Happy Corona-versary: The 2020 Road Trip

Safe travels during a getaway in the age of COVID-19

Jules celebrates The 2020 Road Trip at Coppola Winery in Sonoma.
Wedding day: July 31, 2016, at our Italian restaurant.

My wife and I grab facemasks and pack extra coronavirus cleansing accouterments. With responsibility and safety front of mind, we’re setting out on The 2020 Road Trip. The goal is to recharge our batteries by treating our quarantine-weary hearts and souls with a dose of vacation therapy.

Eschewing airplanes, we’ve planned a California trek. Renting an RV was tempting. Instead, we opt to drive my burgundy Prius up and down the coast. We’ll adhere to the state-mandated rules being administered by hotel properties.    

The 2020 Road Trip isn’t just about getting out of the house. We’re also celebrating our wedding anniversary. Like Brenda and Eddy from Billy Joel’s, “Scenes from an Italian Restaurant,” four years ago, we “decided the marriage should be at the end of July.”

FYI, Jules and my marriage is going a lot better than Brenda and Eddy’s wound up.

Jules and I got hitched in our Italian restaurant, Davanti Enoteca in San Diego’s Little Italy. I gave her the engagement ring during a Billy Joel concert at Petco Park. Yes, during “Italian Restaurant.”

The song starts off: “A bottle of white, a bottle of red. Perhaps a bottle of rose instead…”

To that end, we decide we’ll drive north to Sonoma wine country.

Sings Billy Joel: “…We’ll get a table near the street…”

Well, yeah. Outdoor tables are all that’s available in the age of corona.

San Diego to Santa Barbara

A room with a view at the Ritz-Carlton Bacara in Santa Barbara.

My 10-hour music play list includes several Billy Joel chart toppers. Mixed in is a healthy slate of country and ’80s hits, per preference of my navigator. The drive from San Diego to Santa Barbara burns three and a half hours of Spotify fuel.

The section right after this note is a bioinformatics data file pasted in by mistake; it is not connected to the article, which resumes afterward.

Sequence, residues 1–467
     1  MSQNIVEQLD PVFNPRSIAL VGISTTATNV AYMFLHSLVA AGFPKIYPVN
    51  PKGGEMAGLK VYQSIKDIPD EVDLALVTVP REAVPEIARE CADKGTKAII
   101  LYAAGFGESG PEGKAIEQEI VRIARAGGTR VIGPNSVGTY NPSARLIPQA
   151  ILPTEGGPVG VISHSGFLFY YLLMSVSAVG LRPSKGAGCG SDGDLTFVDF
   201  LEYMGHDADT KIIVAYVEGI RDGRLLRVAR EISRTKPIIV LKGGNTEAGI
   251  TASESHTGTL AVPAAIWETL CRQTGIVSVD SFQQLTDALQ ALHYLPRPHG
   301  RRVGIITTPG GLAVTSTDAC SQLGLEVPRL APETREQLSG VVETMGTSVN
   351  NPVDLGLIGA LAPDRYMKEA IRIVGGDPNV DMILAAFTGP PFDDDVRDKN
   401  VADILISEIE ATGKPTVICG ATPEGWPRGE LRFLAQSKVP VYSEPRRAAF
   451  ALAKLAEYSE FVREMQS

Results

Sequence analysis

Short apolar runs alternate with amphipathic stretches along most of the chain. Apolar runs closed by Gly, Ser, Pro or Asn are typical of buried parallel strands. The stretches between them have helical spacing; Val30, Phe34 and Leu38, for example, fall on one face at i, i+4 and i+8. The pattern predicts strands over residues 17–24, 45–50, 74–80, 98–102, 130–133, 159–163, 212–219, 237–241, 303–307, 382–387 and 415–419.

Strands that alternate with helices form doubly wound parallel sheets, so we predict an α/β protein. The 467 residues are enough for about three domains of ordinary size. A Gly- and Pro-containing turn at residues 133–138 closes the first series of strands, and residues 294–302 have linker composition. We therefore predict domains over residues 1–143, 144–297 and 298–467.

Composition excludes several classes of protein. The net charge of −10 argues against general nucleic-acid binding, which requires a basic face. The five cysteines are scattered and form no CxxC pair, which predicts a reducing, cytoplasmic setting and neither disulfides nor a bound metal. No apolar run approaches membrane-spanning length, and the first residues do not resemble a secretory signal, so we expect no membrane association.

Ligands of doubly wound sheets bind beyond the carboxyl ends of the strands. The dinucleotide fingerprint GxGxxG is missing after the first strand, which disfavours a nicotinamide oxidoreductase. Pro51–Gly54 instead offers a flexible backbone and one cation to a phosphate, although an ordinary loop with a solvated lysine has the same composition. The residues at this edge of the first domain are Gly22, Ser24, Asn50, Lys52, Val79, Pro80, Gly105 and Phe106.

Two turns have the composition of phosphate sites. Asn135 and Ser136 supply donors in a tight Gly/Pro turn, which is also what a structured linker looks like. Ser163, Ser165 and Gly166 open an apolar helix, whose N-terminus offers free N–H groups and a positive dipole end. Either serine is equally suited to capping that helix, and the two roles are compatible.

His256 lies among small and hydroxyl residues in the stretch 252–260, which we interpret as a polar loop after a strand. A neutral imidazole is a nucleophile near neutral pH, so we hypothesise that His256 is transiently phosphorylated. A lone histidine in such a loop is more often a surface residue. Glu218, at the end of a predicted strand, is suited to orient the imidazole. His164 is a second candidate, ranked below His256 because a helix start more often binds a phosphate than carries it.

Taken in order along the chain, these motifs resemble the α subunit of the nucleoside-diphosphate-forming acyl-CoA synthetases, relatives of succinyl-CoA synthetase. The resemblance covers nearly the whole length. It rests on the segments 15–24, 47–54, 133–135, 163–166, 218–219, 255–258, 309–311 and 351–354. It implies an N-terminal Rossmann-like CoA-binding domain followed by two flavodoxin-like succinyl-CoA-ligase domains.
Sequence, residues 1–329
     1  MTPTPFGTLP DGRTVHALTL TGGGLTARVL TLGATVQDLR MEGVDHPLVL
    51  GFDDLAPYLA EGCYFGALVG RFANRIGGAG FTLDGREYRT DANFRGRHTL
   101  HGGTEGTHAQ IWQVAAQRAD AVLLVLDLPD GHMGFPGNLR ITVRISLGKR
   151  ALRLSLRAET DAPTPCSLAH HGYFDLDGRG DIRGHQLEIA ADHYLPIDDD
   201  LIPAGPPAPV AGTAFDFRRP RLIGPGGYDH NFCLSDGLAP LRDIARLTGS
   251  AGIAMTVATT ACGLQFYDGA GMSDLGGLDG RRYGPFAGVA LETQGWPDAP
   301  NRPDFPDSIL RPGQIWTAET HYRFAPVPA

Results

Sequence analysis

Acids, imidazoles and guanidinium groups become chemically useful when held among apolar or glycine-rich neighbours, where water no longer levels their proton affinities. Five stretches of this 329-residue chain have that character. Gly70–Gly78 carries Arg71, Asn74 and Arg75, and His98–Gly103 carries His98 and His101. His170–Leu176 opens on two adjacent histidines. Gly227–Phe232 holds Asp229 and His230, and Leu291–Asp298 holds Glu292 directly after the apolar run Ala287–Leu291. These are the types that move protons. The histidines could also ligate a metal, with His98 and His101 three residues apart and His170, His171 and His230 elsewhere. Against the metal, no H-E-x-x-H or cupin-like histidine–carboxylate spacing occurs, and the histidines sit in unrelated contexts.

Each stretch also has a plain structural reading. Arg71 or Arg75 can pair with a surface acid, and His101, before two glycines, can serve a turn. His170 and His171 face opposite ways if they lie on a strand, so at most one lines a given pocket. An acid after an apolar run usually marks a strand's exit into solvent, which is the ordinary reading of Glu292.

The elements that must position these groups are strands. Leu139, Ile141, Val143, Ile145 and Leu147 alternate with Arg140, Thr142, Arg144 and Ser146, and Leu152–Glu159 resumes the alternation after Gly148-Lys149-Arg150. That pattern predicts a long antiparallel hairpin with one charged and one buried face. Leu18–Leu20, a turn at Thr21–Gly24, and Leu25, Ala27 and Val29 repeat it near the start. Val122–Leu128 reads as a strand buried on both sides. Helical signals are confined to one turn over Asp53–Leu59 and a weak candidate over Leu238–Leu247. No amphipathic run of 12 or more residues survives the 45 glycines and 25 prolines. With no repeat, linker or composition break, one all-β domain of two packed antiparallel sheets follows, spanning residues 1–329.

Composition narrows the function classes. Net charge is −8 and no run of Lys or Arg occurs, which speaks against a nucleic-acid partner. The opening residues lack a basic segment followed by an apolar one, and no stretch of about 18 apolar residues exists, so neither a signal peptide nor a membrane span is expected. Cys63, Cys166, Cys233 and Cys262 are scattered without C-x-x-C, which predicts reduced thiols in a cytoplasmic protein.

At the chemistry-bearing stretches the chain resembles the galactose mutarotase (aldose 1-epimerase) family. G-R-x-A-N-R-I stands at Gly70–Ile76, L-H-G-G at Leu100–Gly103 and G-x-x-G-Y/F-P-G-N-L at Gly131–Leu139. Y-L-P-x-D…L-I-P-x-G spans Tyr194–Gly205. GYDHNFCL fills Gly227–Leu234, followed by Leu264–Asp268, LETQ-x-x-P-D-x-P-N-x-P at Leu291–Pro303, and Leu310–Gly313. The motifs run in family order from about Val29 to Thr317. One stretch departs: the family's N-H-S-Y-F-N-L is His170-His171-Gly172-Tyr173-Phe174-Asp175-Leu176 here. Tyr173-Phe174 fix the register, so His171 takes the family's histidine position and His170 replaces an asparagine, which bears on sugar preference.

A perfunctory hat tip to the pandemic for providing gridlock-free roads. Even though the freeway is clear, we offramp to Orange County Toll Road 73. Mainly because I’d just affixed my FasTrak sticker (for non-touch, electronic billing) to the front windshield.

In Santa Barbara, the State Street main drag has become a pedestrian promenade due to COVID-19. Restaurants and bars partnering with eateries have expanded seating onto sidewalks and streets.

State Street actually looks festive—detailed attention went into sprucing up the outdoor dining areas with leafy plants and string lighting.

Outdoor dining “parklets” are also buzzing in Santa Barbara’s cool Funk Zone. In particular, the converted parking lot between Lucky Penny and The Lark restaurants is pulling a fair share of family diners.

We’re booked for the night at The Ritz-Carlton Bacara. The resort is built on a beautiful, coastal stretch of Goleta, about 12 miles from downtown Santa Barbara. You don’t normally do much self-parking at a Ritz-Carlton, but welcome to the age of COVID.